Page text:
What Should I Look for in a Washing Machine?


Many consumers shop for the “cheapest” alternative because they believe that all washing machines are created equal. They do nothing more than wash clothes. True, they all perform the task of laundering clothes, but there are notable differences in the methods they use, the lifespan of the machine, and the operating costs. While everyone appreciates freshly laundered garments, not everyone has the exact requirements of their washing machine. How do you decide between the hundreds of possibilities? To aid you in making your choice, I have outlined three questions you should ask yourself and provided my thoughts as responses. The essay concludes with a summary of when searching for your new machine.

Is the least expensive washer the least costly?

Answer 1: Generally, the lowest-priced washers have fewer features and a lower rating than their more expensive counterparts. Although most of us don’t operate our washing machines to their full potential, it’s worth noting that a cheaper device might not include options for quick washes or half loads, both of which can significantly cut down on utility bills. A washing machine’s ratings reflect how well it uses water, electricity, and dry clothes. The value of a low water and energy consumption rating is evident, especially as the cost of power continues to rise, but what value does a high drying rating provide? Using a tumble dryer frequently, you can save money on utility bills using a washing machine with a fast spin speed and a high drying rating. This can cut drying time for a full load by as much as 30 minutes. To answer your first question: no, the machine with the lowest purchase price is not necessarily the one with the lowest operating costs during its lifetime.

Expenditure Question 2: How Much Should I Budget?

It would be best if you got the correct washing machine with prices ranging from far under £200 to well over £1,000. Since the fundamentals of low-priced computers were discussed in the previous answer, it seems reasonable to seek the least expensive option that still meets my software and user review needs. While generally correct, there are a few caveats to consider. Go for the cheapest one with the right programs and best ratings if you live alone and use the washing machine once a week; if you have a family of five and everyone plays rugby three times a week, the device will likely receive much more use. A washing machine’s expected lifespan is proportional to its price and how often it will be used; thus, heavy users should expect greater longevity from more expensive models. Washing machines typically last between two and eight years, with a two-year average lifespan based on normal use (two full loads each week, one on a hot setting and one on a warm temperature). For example, if you anticipate doing four loads of laundry per week, you should cut the lifespan in half. You should generally invest in a more expensive machine if you do more than four loads each week, especially dirty or heavy loads, or be prepared to replace it every few years. A more extended warranty is sometimes included with more expensive equipment, so keep that in mind when you shop. If you’re comparing prices, be sure to factor in the cost of a warranty for the cheaper machine or subtract the cost of the guarantee from the price of the more expensive machine if it comes with one.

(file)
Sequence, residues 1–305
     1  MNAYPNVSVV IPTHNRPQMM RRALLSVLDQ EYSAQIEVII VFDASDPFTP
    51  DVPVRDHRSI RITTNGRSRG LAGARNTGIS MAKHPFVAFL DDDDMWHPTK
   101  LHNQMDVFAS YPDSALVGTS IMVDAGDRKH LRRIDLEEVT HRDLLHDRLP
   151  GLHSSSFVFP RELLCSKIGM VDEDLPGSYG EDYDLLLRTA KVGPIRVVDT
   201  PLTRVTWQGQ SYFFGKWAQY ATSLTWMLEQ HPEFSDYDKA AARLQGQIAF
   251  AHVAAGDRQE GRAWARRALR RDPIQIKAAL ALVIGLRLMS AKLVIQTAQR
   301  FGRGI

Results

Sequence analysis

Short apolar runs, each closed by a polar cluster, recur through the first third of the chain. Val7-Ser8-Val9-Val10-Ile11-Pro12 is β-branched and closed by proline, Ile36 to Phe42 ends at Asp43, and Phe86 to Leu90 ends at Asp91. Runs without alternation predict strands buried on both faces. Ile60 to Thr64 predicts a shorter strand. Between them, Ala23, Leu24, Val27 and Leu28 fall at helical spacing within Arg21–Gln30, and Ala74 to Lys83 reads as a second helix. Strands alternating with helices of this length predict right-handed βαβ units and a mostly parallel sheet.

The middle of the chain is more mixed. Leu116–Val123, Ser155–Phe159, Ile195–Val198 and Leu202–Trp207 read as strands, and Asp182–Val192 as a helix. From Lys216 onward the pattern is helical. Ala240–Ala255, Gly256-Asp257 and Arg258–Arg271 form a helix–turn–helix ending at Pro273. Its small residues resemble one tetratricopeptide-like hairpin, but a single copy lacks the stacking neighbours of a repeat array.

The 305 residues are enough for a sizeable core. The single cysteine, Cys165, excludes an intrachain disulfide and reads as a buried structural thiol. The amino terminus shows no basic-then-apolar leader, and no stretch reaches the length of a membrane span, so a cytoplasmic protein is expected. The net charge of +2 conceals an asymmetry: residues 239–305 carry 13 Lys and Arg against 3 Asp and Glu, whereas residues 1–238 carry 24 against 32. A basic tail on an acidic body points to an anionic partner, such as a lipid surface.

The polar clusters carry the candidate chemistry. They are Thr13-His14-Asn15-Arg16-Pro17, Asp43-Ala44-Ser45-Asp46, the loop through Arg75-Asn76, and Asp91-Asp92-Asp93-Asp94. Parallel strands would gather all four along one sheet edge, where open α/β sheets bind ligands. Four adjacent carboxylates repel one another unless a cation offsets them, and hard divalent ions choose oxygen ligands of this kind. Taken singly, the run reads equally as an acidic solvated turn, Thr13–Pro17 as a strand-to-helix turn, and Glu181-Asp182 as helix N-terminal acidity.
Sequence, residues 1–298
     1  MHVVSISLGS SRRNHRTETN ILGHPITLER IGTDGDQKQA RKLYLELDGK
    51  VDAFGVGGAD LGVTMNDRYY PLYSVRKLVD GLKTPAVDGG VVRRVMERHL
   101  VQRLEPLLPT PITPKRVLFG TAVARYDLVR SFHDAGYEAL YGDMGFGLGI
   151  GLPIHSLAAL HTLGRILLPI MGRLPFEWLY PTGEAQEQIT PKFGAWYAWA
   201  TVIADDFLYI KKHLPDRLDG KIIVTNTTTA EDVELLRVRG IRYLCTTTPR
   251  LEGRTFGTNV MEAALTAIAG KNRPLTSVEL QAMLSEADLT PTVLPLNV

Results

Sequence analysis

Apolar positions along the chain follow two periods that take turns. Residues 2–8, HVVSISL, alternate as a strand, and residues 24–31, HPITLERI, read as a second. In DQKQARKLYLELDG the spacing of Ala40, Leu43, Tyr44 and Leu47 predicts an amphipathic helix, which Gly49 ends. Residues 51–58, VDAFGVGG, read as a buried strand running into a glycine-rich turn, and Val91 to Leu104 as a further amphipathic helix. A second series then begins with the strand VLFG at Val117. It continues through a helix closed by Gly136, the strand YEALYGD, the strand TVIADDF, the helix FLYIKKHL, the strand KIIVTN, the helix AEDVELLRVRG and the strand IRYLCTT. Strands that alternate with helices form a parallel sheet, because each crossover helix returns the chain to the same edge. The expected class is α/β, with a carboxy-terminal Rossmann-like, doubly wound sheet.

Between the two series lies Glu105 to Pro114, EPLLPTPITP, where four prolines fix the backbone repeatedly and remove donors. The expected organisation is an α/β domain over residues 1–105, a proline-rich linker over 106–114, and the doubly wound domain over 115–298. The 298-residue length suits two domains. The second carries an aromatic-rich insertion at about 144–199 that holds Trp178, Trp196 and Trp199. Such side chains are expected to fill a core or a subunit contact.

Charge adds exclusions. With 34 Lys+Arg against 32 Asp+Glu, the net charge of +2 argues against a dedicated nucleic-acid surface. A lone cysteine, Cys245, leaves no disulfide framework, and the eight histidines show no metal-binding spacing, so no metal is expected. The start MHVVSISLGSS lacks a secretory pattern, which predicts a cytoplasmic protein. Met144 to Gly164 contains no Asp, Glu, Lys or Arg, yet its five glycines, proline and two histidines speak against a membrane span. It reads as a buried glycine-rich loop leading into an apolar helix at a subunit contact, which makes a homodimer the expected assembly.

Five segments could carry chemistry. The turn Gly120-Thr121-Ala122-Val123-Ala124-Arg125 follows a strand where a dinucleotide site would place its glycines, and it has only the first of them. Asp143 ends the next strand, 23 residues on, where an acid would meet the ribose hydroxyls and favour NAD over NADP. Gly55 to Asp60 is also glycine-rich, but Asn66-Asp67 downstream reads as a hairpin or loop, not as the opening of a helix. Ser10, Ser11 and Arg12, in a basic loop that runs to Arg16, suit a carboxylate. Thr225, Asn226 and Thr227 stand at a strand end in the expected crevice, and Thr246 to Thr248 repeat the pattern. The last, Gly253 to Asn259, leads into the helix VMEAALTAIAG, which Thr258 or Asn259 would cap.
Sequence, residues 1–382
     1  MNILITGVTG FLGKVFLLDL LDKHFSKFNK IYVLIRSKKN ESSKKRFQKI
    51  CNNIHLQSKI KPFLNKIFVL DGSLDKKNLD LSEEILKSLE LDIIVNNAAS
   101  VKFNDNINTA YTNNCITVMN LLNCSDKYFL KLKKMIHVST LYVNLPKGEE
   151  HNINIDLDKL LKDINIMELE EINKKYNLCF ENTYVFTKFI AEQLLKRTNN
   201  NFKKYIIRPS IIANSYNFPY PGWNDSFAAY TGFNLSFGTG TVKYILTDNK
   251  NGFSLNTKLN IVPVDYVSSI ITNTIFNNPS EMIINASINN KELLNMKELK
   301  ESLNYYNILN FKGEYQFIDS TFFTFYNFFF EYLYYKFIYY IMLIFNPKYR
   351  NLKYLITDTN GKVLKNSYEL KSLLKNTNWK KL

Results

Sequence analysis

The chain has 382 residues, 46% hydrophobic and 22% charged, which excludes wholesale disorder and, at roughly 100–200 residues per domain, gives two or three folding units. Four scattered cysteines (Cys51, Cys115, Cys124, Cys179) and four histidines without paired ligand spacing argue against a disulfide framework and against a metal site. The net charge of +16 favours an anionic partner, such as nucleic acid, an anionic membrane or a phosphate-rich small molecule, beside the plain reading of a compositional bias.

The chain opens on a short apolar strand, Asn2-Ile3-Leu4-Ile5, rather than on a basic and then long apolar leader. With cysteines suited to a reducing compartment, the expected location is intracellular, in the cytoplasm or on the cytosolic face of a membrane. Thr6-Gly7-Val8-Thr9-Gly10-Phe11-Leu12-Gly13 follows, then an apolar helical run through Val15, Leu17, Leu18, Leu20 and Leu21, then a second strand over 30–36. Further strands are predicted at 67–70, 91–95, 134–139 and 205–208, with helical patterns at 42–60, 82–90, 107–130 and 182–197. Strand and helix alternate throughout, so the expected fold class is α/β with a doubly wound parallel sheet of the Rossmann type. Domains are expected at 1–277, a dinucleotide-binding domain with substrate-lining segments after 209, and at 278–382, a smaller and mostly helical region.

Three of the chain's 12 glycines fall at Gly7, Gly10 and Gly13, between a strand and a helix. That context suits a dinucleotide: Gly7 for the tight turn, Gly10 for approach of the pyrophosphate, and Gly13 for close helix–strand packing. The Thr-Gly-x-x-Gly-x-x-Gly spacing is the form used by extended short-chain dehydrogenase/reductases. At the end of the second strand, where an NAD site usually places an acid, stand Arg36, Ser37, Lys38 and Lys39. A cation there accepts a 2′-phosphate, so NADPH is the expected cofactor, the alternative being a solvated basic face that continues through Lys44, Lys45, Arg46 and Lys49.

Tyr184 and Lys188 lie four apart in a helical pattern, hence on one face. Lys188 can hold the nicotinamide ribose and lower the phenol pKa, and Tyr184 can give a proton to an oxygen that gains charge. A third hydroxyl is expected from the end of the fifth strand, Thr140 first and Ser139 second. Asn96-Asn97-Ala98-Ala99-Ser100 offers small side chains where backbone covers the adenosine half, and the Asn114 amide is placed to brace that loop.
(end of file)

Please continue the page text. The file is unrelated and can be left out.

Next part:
Is it critical that a machine look a certain way?

A3: It’s astonishing how many individuals choose a washer based on its appearance. In a kitchen, where it will be on show all the time, the aesthetic value of a washing machine is much higher than in a basement laundry room, where it would be seen only sometimes. If you’re going to look at it frequently, you might as well get one you enjoy, but remember that functionality and cost savings are far more essential than aesthetics. If you’re bothered by how obvious a washing machine is in your kitchen, you can spend more on an integrated model hidden behind a false door that matches your kitchen units.


If you want to save money on operating costs (and the environment, which benefits us all), pick a machine with high ratings (Triple-A or A+AA). Invest in a device that can deal with the workload you want to give it (take the price as a rough indicator of the quality of construction, but always check the specs). When evaluating costs, make sure to factor in optional extended warranties. Determine how much you care about the machine’s aesthetics, and eliminate any options that you don’t like based on that. Only when you have reduced it to a few options should you ask the salesperson for their advice. The salesperson has no way of knowing how often or for what kinds of loads you’ll be using the machine or even if you like the look of the device, so you’ll need to do that work for them. Even when shopping online, don’t be afraid to contact the retailer with your final picks and your planned usage and ask for help; the salesperson will be able to discuss the differences between two or three machines and advise if the machine is actually good for you.

To conclude, look around. Here are two stores that are both knowledgeable and stocked with a wide variety of washers that I recommend:
Appliances, Electronics, and Home Improvement Store Direct Washing Machines [http://www.homeproductshop.com/washingmachines.asp]

N. McDonald got his start in the industry working as a service engineer. Now he guides what products to buy to the MyAppliance crew. Newer works by him

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